If quantity is less than 100, VBA executes the statement

Discount = 0

Finally, the following statement rounds the value assigned to the Discount variable to two decimal places:

Discount = Application.Round(Discount, 2)

VBA has no Round function, but Excel does. Therefore, to use Round in this statement, you tell VBA to look for the Round method (function) in the Application object (Excel). You do that by adding the word Application before the word Round. Use this syntax whenever you need to access an Excel function from a VBA module.

Understanding custom function rules

A custom function must start with a Function statement and end with an End Function statement. In addition to the function name, the Function statement usually specifies one or more arguments. You may include as many as 29 arguments, using commas to separate them. You can also create a function with no arguments. Excel includes several built-in functions—RAND() and NOW(), for example—that don't use arguments. As you'll see later in this chapter, you can also create functions with optional arguments—arguments that you can either include or omit when you call the function.

Following the Function statement, a function procedure includes one or more VBA statements that make decisions and perform calculations using the arguments passed to the function. Finally, somewhere in the function procedure, you must include a statement that assigns a value to a variable with the same name as the function. This value is returned to the formula that calls the function.

Using VBA keywords in custom functions

The number of VBA keywords you can use in custom functions is smaller than the number you can use in macros. Custom functions are not allowed to do anything other than return a value to a formula in a worksheet or to an expression used in another VBA macro or function. For example, custom functions cannot resize windows, edit a formula in a cell, or change the font, color, or pattern options for the text in a cell. If you include "action" code of this kind in a function procedure, the function returns the #VALUE! error.

The one action a function procedure can take (apart from performing calculations) is to display a dialog box. You can use an InputBox statement in a custom function as a means of getting input from the user executing the function. You can use a MsgBox statement as a means of conveying information to the user. You also can use custom dialog boxes, or UserForms—a subject that is beyond the scope of this introduction.

Documenting macros and custom functions

Even simple macros and custom functions can be difficult to read. You can make them easier to understand by entering explanatory text in the form of comments. You add comments by preceding the explanatory text with an apostrophe. For example, Figure 4 shows the Discount function with comments. Adding comments like these makes it easier for you or others to maintain your VBA code as time passes. If you need to make a change to the code in the future, you'll have an easier time understanding what you did originally.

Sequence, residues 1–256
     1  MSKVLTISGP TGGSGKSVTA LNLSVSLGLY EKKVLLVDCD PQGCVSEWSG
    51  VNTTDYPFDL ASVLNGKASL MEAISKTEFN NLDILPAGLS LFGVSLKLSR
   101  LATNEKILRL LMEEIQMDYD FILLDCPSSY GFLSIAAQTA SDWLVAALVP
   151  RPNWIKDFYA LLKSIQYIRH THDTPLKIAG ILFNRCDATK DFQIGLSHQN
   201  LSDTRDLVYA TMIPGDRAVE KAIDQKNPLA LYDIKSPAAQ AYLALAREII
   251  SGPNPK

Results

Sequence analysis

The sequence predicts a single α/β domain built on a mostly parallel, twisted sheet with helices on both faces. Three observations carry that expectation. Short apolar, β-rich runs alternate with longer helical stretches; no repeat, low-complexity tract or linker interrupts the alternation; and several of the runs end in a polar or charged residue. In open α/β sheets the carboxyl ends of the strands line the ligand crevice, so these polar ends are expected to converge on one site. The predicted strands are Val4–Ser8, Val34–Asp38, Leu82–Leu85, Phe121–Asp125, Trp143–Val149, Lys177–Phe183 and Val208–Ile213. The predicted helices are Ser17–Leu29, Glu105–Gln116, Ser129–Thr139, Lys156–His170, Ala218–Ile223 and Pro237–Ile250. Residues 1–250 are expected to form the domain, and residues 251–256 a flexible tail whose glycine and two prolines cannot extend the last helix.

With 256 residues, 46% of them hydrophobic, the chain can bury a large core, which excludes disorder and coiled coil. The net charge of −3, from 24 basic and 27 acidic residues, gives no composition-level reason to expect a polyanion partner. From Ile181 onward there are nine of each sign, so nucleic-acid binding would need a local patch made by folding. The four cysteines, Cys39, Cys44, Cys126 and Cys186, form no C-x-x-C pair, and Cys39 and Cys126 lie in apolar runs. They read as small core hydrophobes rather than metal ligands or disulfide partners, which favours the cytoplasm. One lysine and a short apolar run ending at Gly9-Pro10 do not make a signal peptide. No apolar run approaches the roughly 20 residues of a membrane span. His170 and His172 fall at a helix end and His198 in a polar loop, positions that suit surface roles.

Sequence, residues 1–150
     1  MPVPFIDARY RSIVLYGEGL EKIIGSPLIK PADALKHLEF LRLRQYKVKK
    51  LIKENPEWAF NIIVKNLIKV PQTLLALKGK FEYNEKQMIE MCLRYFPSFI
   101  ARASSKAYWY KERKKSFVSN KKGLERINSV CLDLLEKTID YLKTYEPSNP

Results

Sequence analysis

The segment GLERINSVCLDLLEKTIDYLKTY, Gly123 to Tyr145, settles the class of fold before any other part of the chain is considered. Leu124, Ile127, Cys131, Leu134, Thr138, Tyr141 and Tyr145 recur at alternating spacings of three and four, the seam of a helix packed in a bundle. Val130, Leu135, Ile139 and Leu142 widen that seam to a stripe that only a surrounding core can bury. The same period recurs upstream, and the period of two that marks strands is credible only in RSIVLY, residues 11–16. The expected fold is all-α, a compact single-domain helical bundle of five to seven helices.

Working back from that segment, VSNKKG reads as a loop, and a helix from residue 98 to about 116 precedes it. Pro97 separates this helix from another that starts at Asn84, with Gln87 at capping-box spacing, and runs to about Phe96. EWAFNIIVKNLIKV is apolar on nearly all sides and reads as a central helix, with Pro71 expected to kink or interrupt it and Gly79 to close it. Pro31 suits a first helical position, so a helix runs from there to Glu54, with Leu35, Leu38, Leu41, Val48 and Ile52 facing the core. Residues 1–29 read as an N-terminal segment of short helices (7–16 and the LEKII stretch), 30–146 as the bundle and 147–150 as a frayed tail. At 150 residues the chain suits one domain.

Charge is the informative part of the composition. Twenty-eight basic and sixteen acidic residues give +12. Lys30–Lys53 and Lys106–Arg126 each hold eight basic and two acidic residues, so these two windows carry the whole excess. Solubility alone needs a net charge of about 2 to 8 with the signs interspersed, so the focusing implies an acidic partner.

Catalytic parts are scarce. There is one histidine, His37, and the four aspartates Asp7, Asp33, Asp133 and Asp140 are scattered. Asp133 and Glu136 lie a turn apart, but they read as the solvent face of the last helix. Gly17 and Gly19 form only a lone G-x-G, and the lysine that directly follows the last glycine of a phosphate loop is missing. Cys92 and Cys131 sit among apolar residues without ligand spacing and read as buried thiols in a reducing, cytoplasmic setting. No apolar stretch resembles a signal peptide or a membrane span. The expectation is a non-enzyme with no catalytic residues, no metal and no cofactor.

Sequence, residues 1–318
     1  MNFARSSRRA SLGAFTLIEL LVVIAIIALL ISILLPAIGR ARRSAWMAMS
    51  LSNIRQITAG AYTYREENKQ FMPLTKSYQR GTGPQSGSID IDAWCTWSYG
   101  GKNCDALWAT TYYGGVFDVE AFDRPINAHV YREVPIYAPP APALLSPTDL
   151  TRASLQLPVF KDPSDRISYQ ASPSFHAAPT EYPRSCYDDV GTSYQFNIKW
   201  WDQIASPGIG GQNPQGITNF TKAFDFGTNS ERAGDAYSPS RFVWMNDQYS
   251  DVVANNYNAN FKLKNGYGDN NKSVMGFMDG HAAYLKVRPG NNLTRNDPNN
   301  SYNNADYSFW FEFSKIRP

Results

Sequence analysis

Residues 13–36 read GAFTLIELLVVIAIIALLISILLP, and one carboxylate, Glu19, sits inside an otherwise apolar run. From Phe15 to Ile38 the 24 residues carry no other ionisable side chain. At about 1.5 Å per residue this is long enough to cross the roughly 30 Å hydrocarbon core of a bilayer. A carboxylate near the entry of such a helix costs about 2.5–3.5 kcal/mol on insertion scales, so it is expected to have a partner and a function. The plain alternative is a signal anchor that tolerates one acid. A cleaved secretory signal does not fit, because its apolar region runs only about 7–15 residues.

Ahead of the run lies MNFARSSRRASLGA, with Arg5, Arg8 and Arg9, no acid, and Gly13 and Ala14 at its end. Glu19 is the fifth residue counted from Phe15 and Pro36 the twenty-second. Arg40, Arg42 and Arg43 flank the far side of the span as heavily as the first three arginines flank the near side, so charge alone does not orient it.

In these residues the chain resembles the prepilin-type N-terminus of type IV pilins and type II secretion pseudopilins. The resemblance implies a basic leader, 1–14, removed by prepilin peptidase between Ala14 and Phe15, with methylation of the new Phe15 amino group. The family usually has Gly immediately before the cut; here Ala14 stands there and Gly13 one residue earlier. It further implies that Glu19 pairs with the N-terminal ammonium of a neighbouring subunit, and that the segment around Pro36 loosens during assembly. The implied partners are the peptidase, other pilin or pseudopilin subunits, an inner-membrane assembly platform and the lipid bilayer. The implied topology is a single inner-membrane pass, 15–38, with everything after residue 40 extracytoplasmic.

The Discount custom function now includes comments.

Figure 4: The Discount custom function now includes comments.

An apostrophe tells Excel to ignore everything to the right on the same line, so you can place a comment to the right of a VBA statement. You can also insert comments between the statements in a macro or custom function. For example, you might begin a relatively long block of code with a comment that explains its overall purpose and then use inline comments to document individual statements.

Another way to document your macros and custom functions is to give them descriptive names. For example, rather than name a macro Labels, you could name it RelMonthLabels, where Rel indicates that the macro uses relative references and MonthLabels describes the type of label the macro creates. Using descriptive names for macros and custom functions is especially helpful when you've created many procedures, particularly if you create procedures that have similar, but not identical, purposes.

How you document your macros and custom functions is a matter of personal preference. It doesn't matter which method you use, as long as you document them. Documentation is most important for long and complex procedures, for procedures that you look at only once in a while, and for procedures that will be maintained by other people.

Creating custom functions with optional arguments

Some of Excel's built-in functions let you omit certain arguments. For example, if you omit the type and future value arguments from the PV function, Excel still computes the result because those arguments are optional. Your custom functions can also make use of optional arguments.

For example, suppose you want to create a custom function called RightTriangle that uses the Pythagorean theorem to compute the length of any side of a right triangle given the lengths of the other two sides. The equation that expresses the Pythagorean theorem is a2 + b2 = c2, in which a and b are the short sides and c is the hypotenuse. Given any two sides, you can use this equation to solve for the third side.